Tardy Staff

July 1, 2004

Our staff members sometimes arrive late. How do we set a policy regarding what is excessive lateness, and what we will allow? In other words, how do we control tardiness?

Question: Our staff members sometimes arrive late. How do we set a policy regarding what is excessive lateness, and what we will allow? In other words, how do we control tardiness?

Answer: According to our HR expert, Bob Vidal of Employer Services Group in Denver, large organizations, like manufacturing companies, that need a more accurate way to keep track of time will use time clocks. Time clocks are a great way to track time and a great way to document tardiness.

For the rest of us, tardiness becomes more of a judgment call. Documentation may be more difficult. This may become a problem when an employee you fire for chronic lateness claims that everyone else is just as tardy - that you used tardiness as pretext to cover your age/racial/gender discrimination against him.

Develop a tardiness policy that suits your business. Many policies allow an employee up to three late starts per month before a verbal or written warning is issued. Once the warning is issued, the employee may only be late three times during a three-month period. If the tardiness continues, the employer terminates the employee.

Here are a few tips:

• Make sure everyone understands the rules.

• Apply the rules consistently.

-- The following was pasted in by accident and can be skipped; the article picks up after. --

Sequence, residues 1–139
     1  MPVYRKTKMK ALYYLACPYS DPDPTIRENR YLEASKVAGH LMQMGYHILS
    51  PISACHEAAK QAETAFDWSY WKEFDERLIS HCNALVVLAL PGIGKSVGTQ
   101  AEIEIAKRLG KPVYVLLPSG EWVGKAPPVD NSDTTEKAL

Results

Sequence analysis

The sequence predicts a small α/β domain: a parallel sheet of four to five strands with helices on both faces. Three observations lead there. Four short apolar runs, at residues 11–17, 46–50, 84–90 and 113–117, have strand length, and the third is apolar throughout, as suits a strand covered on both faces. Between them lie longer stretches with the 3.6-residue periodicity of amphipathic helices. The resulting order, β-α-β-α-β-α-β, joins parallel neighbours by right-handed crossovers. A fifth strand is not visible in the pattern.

• When developing a policy, try to avoid creating a "due process" for discipline and termination. Otherwise you may jeopardize your "employment-at-will" status. Every situation is different, so you want to establish general guidelines to manage these differences. For example, a very good, long-tenured employee may begin to have problems with tardiness and absenteeism because of personal problems. You may want to treat that employee differently from a new employee who is displaying the same pattern of absenteeism.

• If you give an employee a warning with a specific timeline, it does not mean that you have to wait until the end of the warning period before you can take further disciplinary action or terminate the employment if they continue to be tardy shortly after the warning has been issued.

• Treat absenteeism, as well as other disciplinary action, as cumulative. You may have experienced a situation in which an employee receives a warning and corrects the behavior for the duration of that warning period. Once they have cleared the timeline, they go back to their old behavior. If they return to the behavior, this is a great time to take further disciplinary action or terminate the employment.

• Keep good records. You will need to support your termination decision against an unemployment case, or a wrongful termination case.